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Harry G. Steel

HARRY G. STEEL, editor and manager of the Nome News, is a native of Pennsylvania, where he spent his boyhood days and received his newspaper training. He is the youngest son of Col. J. Irvin Steel, treasurer of the National Editorial Association, and one of the oldest living newspaper owners in the Keystone State, having been actively engaged in the profession for near half a century. The father and five sons own in all fourteen newspapers.

H. G. Steel was city editor of the Ashland Evening Telegram, Mauch Chunk Daily Times and Pottsville Daily Republican prior to 1893, when he purchased the Shamokin Daily Herald. All of these papers are published in Pennsylvania. In 1899 Mr. Steel took a seventy-five ton plant to Dawson and started the Daily News, the first daily newspaper in the Klondike. That fall he sent a plant to Nome and there established the News, the first newspaper in that camp. He went to Nome in the spring of 1900, and assumed the active management of the News and has since been at the head of that paper. When the wireless system was completed between St. Michael and Safety, Mr. Steel had the distinction of receiving the first commercial message over the line, and the News received and printed the first wireless press messages received in the North.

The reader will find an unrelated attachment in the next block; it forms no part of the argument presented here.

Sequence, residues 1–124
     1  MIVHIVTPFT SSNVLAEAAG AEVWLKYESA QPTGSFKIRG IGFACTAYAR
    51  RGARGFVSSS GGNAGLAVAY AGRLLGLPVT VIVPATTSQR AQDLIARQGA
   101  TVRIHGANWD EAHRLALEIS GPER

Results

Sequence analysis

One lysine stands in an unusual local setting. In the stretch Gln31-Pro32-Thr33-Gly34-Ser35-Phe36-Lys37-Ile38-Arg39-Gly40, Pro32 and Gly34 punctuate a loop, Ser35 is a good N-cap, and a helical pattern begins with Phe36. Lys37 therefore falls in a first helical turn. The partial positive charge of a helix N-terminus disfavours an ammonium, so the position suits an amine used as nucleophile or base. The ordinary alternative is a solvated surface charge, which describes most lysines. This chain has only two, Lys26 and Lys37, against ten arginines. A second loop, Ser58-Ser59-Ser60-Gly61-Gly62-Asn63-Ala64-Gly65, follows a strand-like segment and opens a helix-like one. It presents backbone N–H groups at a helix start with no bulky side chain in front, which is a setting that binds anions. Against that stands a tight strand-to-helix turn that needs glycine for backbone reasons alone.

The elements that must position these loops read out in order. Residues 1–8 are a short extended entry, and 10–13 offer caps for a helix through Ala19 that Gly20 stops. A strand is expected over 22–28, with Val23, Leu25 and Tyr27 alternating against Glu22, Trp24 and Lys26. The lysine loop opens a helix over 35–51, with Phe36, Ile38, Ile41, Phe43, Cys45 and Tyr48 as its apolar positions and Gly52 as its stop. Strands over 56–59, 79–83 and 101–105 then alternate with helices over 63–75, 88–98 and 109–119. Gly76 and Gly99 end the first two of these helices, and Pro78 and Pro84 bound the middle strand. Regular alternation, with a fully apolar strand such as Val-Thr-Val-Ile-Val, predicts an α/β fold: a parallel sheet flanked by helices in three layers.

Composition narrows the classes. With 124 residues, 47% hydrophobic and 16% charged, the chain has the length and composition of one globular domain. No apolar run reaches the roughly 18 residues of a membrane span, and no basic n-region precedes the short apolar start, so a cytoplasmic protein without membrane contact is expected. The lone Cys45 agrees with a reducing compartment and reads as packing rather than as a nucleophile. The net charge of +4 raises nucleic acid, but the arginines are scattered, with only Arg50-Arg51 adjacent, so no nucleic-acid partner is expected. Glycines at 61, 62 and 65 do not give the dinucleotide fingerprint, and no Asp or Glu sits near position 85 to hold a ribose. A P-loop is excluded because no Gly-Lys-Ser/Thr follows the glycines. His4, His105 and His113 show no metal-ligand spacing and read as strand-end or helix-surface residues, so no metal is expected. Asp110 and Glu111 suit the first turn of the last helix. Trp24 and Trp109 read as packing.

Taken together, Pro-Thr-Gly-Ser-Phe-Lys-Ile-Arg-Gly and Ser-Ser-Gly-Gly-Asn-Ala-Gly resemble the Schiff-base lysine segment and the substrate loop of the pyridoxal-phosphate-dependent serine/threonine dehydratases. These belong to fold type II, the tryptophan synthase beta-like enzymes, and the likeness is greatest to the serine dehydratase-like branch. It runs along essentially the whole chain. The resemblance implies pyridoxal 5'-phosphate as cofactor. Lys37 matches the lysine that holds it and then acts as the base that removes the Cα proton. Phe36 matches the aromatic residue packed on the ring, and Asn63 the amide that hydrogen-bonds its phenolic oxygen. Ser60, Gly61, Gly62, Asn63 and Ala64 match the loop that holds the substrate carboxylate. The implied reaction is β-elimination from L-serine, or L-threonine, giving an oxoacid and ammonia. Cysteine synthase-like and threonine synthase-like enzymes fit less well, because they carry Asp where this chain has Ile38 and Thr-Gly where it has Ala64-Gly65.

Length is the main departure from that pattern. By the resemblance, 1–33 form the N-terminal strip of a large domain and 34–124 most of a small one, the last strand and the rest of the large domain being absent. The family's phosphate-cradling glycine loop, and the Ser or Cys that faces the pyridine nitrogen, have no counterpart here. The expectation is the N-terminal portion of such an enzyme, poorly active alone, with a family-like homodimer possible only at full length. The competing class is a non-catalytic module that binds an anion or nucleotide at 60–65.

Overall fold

Source: Nome and Seward Peninsula by E. S. Harrison. Seattle: The Metropolitan Press, 1905.




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